Adrenal Cancer: Introduction
About the Endocrine System
The foundations of the endocrine system are the hormones and glands. As the body's chemical messengers, hormones transfer information and instructions from one set of cells to another. Although many different hormones circulate throughout the bloodstream, each one affects only the cells that are genetically programmed to receive and respond to its message. Hormone levels can be influenced by factors such as stress, infection, and changes in the balance of fluid and minerals in blood.
A gland is a group of cells that produces and secretes, or gives off, chemicals. A gland selects and removes materials from the blood, processes them, and secretes the finished chemical product for use somewhere in the body. Some types of glands release their secretions in specific areas. For instance, exocrine glands, such as the sweat and salivary glands, release secretions in the skin or inside of the mouth. Endocrine glands, on the other hand, release more than 20 major hormones directly into the bloodstream where they can be transported to cells in other parts of the body.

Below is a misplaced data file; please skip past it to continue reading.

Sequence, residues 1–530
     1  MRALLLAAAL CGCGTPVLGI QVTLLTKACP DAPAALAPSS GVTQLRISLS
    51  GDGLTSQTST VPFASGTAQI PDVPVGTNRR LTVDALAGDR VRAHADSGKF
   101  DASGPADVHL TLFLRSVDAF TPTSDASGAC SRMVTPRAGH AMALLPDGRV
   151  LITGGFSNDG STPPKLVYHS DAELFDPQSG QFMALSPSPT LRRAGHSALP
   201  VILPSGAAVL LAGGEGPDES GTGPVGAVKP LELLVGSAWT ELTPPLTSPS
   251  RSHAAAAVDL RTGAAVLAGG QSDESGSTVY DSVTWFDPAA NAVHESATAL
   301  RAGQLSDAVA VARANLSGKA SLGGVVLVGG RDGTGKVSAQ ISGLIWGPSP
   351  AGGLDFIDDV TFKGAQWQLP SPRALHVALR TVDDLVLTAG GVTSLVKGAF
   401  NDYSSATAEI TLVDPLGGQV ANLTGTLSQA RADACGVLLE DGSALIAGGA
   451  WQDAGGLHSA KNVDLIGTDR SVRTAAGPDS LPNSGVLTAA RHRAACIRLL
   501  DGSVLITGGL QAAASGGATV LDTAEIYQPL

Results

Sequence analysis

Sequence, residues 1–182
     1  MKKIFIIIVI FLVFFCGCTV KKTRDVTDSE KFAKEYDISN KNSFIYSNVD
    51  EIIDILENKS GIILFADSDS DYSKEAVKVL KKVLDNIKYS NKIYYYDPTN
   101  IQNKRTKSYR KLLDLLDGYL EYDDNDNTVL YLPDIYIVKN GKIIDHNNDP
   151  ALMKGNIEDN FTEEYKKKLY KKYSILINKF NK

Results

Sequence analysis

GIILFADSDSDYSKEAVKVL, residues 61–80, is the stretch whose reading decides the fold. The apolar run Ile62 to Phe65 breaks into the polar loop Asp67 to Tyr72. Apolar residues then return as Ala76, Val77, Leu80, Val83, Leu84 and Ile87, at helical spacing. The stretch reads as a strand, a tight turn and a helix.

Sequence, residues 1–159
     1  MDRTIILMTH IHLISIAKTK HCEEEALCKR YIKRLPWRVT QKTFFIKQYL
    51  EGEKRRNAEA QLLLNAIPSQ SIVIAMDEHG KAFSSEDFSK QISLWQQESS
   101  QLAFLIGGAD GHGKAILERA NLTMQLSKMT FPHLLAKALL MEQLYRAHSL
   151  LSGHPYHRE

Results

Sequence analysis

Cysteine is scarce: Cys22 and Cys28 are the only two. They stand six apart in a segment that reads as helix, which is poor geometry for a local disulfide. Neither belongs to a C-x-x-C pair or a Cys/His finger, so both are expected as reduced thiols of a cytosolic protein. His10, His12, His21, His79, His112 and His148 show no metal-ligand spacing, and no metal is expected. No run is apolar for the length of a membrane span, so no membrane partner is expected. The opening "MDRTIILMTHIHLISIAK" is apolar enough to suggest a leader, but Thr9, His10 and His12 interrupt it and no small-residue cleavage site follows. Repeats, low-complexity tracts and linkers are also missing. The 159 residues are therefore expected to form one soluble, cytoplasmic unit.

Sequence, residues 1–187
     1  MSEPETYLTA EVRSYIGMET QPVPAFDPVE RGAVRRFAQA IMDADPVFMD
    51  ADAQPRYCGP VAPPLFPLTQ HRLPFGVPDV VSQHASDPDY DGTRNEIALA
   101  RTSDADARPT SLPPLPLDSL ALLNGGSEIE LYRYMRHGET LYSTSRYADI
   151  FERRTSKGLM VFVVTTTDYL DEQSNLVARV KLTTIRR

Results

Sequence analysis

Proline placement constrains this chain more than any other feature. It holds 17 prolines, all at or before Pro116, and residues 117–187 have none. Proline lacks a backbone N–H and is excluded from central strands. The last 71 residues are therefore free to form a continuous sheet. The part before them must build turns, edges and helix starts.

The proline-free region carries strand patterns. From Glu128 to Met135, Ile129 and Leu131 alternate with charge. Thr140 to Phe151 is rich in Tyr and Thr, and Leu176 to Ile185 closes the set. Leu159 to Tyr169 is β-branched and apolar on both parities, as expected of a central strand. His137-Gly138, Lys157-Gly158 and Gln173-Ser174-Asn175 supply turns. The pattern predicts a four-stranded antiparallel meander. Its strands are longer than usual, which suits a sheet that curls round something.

The major glands that make up the human endocrine system are the hypothalamus, pituitary, thyroid, parathyroids, adrenals, pineal body, and the reproductive glands, which include the ovaries and testes. The pancreas is also part of this hormone-secreting system, even though it is also associated with the digestive system because it also produces and secretes digestive enzymes.
Adrenal Cancer (adrenocortical carcinoma) is a rare tumor afflicting only one or two people per million. It usually occurs in adults, and the median age at diagnosis is 44 years. Although potentially curable at early stages, only 30% of these malignancies are confined to the adrenal gland at the time of diagnosis. Because these tumors tend to be found years after they began growing, they have the opportunity to invade nearby organs, spread to distant organs (metastasize) and cause numerous changes in the body because of the excess hormones they produce.